Two Important Issues on

How to Let Chinese Workers Have Equal Share in Achieving Moderate Prosperity Society


"Moderate prosperity society" is continuously an economic and social development goal of the Chinese government for the next five-yearplan. Premier Li Keqiang made it clear that to attain this goal it is necessary to ensure economic growth, and to " let the people live a better life. Whether the people have a better quality and standard of life is a key indicator of a moderately prosperous society. " 1 In the past years, China has maintained a high growth of gross domestic product (GDP). Only a small number of the population are better off, but most of them do not share the fruit of economic success. Consequently, the disparity between the rich and the poor have been becoming more serious (Gini coefficient rose from 0.29 in 1980 to 0.52 in 2013). At the end of the day, whether the moderate prosperity society benefit a few people or most people? From the perspective of workers, there are two important issues to consider in order to advance the quality of life of worker and to ensure decent work in the thirteenth five-year plan of China.


What can the rank and file workers in the manufacturing sector get from economic transformation?

The official statistics revealed a lower productivity growth in 2015 and shrinking manufacturing sector. Facing the economic crisis, the government’s strategy is industrial upgrading.

In 2013, Xi Jinping aimed at replacing manufacturing-based secondary industry by domestic consumption driven tertiary industry as well as replacing the low-end industry by high-end industry. The past experience of Hong Kong proved that development of the financial and service sectors did not provide more job opportunities and job securities. Hong Kong's unemployment problem in the 1980s and 1990s were mainly because of factory relocation to mainland China. The proportion of manufacturing jobs in Hong Kong decreased from 35.8 percent in1986 to 9.75 in 2006. Since then, many semi-skilled and middle aged workers lost their jobs in the manufacturing sector. Most of them are female workers who had found it very difficult to get a new job in other sectors and ended up living in poverty. The job openings in the tertiary industries are either professional positions or non-skill and low-paying job2. Many workers has been suffering from long term low paid and irregular employment. If China is to repeat the same path of Hong Kong, how can it improve the living standard of the people?

On the other hand, the immediate impact of industrial upgrading is jobs cut with inadequate compensation. Starting from 2010, the number of strike in China has been doubled every year and reached to 1400 cases in 2014. Most strikes occurred in Pearl River Delta according to the Investigative Report on Labour Rights of HKCTU. It is reported that nearly 80% of strike were caused by factory closures and relocations, as well as weak enforcement of labour law and social insurance. The running away capitals are tolerated by local government which is really robbing the poor to pay the rich. As for the transition from low-end to high-end foundry industry, the vocational and technical training for workers are missing in the policy planning. How can workers see hope in the industrial upgrading?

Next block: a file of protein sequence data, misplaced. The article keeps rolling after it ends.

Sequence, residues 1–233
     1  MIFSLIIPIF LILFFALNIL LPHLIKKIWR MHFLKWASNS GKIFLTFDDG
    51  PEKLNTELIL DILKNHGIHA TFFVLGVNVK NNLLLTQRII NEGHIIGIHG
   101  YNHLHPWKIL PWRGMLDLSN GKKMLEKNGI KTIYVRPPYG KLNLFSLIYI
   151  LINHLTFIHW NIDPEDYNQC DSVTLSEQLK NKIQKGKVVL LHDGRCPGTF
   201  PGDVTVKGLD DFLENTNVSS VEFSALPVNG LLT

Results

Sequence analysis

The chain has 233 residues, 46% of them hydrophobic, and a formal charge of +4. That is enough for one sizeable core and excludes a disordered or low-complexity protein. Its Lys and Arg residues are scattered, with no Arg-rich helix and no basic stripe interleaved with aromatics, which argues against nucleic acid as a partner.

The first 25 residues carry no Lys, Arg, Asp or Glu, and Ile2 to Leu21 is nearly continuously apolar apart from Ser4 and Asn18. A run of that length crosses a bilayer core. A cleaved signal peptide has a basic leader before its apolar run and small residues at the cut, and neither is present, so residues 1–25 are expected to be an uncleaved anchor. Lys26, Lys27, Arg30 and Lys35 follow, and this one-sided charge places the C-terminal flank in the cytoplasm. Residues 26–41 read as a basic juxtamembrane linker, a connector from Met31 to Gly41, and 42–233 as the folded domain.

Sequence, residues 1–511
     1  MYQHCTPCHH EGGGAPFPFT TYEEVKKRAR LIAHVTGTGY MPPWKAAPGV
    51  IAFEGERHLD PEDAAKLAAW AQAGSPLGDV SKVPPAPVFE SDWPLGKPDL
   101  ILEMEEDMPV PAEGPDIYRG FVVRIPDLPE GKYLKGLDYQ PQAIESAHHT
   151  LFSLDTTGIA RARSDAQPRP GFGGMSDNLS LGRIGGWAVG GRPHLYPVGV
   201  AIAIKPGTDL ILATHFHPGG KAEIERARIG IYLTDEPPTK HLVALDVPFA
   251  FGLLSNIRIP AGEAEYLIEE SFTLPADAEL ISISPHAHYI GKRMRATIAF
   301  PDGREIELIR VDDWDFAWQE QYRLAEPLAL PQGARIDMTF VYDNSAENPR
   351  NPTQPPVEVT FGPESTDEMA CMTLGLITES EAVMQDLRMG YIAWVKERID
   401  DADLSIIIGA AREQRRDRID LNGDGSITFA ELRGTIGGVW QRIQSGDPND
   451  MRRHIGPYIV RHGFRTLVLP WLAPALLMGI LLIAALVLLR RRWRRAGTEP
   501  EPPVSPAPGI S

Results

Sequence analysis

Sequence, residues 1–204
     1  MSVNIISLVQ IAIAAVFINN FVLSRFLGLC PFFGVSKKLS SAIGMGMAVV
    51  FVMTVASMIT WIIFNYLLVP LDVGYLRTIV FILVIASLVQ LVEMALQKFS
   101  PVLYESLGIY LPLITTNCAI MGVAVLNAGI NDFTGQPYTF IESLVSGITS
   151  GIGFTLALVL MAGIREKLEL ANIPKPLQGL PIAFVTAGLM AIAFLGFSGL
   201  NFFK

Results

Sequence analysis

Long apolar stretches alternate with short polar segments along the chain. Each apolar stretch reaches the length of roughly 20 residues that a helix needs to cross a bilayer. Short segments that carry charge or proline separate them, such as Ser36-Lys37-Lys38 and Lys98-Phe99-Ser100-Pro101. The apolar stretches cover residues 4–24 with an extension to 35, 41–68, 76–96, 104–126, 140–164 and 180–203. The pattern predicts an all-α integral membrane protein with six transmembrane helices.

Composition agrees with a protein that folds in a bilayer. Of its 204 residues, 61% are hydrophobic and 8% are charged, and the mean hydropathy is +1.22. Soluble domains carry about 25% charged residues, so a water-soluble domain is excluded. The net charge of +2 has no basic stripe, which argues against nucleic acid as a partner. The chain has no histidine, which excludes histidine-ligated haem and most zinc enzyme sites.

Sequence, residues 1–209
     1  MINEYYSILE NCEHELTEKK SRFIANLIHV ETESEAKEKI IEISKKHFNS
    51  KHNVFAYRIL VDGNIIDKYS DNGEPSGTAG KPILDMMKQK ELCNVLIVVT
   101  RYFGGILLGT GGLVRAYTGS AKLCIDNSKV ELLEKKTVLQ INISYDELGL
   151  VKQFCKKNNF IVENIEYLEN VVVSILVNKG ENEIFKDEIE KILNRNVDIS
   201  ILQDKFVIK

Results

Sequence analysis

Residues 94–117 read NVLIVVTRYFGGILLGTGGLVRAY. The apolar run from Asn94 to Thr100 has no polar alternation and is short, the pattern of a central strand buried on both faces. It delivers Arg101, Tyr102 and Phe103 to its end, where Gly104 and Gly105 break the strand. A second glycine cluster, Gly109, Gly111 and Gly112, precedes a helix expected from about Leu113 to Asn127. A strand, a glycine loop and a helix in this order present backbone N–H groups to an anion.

Make a better life to the rural migrant population in urban areas

In 1978, the rural migrants in urban areas (rural household registration) accounted for 18% of the urban population. In 2014, the proportion of rural migrants had risen to 55%. The vast majority of them are migrant workers, however, affected by the social system, they are gaining lower than the urban population in terms of income and social security. GaveKal Dragonomics, a senior economic researcher found that rural household’s savings rate of the 40% lowest income population is only about 10%. Their total spending accounts for only a small part of the overall consumption of the mainland, which is about 17.5%. This is obviously because they earn less than half the national average3. In terms of social security, rural migrants are getting lower level health care and pension comparing to urban citizens and their children are not entitled to free education in the city.

How does the next five year plan reduce the inequality so as to improve the lives of low-income families? This question involves a fair wage levels and a fair allocation of social resources. Government needs to put into practice of wage system, social insurance and labour contract law to pursue labour rights, to eliminate rural and urban household divisions and to deal with labour dispute in a partial manner with a respect for the rights workers’ representatives in collective negotiation.


A participatory five-year plan

The above-mentioned problems are truisms. Reducing the income gap, providing basic social protection etc have been repeatedly stressed by the leaders of Chinese government in the past 10 years. Are the measures that were used by the government to deal with these issues the right remedy? How do the people participate in the process of making this influential five-year plan? "Social participation" is one of the goals in the 13th five year plan. Allowing manufacturing workers and rural migrants who are deeply affected by the economic policy to participate in policy-making and to take their opinions seriously helps to establish a more comprehensive strategy.


  1. Li Keqiang (2015), Objectives of building a moderately prosperous society, China's Ministry of Human Resources and Social Security (MOHRSS)
  2. Oxfam (2004), Working poor: Employment and poverty in Hong Kong,
  3. GaveKal Dragonomics (2015),Growth of income of migrant workers does nothelp much in boosting domestic consumption, 2015-02-16

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